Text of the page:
How Peg Yorkin’s feminism changed the world

A woman in a red jacket and shoes patterned with the Campbell's Soup logo smiles in front of photos of marching suffragettes.
Peg Yorkin was one of the co–founders of the Feminist Majority Foundation and campaigned to bring medication abortion to the U.S.
(Carolyn Cole / Los Angeles Times)

The end of Peg Yorkin’s high-powered Hollywood marriage was only the beginning of her feminist campaign to change the world.


Around the middle of the 20th century, a strange dread fell across many American households, more tangible than the Soviet menace or nuclear annihilation, yet harder to talk about. “The Feminine Mystique” author Betty Friedan called it “the problem that has no name.”

“Each suburban wife struggled with it alone,” Friedan wrote in 1963. “As she made the beds, shopped for groceries, matched slipcover material, ate peanut butter sandwiches with her children, chauffered Cub Scouts and Brownies, lay beside her husband at night — she was afraid to ask even of herself the silent question — ‘Is this all?’”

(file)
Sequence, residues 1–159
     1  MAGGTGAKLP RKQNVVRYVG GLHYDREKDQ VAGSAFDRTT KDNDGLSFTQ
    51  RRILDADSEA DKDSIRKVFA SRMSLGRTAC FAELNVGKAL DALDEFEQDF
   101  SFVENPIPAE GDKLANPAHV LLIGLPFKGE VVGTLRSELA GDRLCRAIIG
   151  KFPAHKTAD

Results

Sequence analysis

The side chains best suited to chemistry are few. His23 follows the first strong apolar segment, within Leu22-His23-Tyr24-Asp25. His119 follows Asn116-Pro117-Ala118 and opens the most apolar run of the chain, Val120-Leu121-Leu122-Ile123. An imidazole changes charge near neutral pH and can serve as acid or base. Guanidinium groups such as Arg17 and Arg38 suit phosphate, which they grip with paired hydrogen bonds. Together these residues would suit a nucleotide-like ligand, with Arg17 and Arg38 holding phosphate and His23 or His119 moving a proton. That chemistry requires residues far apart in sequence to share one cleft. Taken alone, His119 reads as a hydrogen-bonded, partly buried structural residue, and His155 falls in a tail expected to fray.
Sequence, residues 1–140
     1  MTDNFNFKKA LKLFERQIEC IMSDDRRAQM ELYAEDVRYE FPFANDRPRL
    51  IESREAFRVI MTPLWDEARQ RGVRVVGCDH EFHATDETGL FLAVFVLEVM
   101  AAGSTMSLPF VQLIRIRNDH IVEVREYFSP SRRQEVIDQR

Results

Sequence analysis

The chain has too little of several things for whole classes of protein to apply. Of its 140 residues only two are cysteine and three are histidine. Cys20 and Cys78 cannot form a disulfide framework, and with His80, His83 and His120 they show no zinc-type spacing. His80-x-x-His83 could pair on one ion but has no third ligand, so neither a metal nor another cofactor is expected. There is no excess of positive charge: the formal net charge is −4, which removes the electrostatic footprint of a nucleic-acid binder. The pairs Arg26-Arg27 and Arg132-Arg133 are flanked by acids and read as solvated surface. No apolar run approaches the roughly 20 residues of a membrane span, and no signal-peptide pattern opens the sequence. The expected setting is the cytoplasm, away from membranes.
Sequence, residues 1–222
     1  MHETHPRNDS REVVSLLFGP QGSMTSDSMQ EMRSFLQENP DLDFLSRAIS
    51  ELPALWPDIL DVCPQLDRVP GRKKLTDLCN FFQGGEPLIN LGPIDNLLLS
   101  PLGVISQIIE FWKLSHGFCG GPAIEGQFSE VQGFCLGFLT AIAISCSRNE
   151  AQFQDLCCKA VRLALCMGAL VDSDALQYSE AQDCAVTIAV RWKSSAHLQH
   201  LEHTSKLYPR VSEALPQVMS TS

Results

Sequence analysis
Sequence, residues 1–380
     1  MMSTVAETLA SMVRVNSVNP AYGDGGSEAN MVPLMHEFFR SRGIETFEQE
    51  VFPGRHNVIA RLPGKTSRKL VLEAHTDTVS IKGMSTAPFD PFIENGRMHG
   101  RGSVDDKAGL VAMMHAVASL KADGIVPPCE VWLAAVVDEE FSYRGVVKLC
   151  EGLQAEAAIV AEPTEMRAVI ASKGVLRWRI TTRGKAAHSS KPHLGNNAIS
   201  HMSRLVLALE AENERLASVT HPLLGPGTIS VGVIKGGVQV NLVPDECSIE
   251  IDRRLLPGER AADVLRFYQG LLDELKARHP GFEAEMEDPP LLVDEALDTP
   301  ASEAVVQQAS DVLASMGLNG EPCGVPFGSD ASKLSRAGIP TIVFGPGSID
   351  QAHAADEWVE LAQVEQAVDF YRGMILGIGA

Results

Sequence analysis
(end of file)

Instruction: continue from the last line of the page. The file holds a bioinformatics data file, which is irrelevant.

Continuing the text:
For millions of women serving as middle-class homemakers, democracy had won World War II in western Europe and the Pacific, but still hadn’t secured a beachhead inside the American institution of marriage. The unsettled question of those years was whether the destiny of women and their daily reality of cleaning up after their husbands and children were supposed to be the same thing. The generation of these women who saw a different future for themselves would soon change the world.


Peg Yorkin, the longtime L.A. activist and feminist philanthropist who pushed to bring the abortifacient mifepristone to the U.S., has died at 96.

June 27, 2023

Peg Yorkin, hailed as a feminist hero after she died of renal failure in Malibu on June 25 at the age of 96, was one of those women.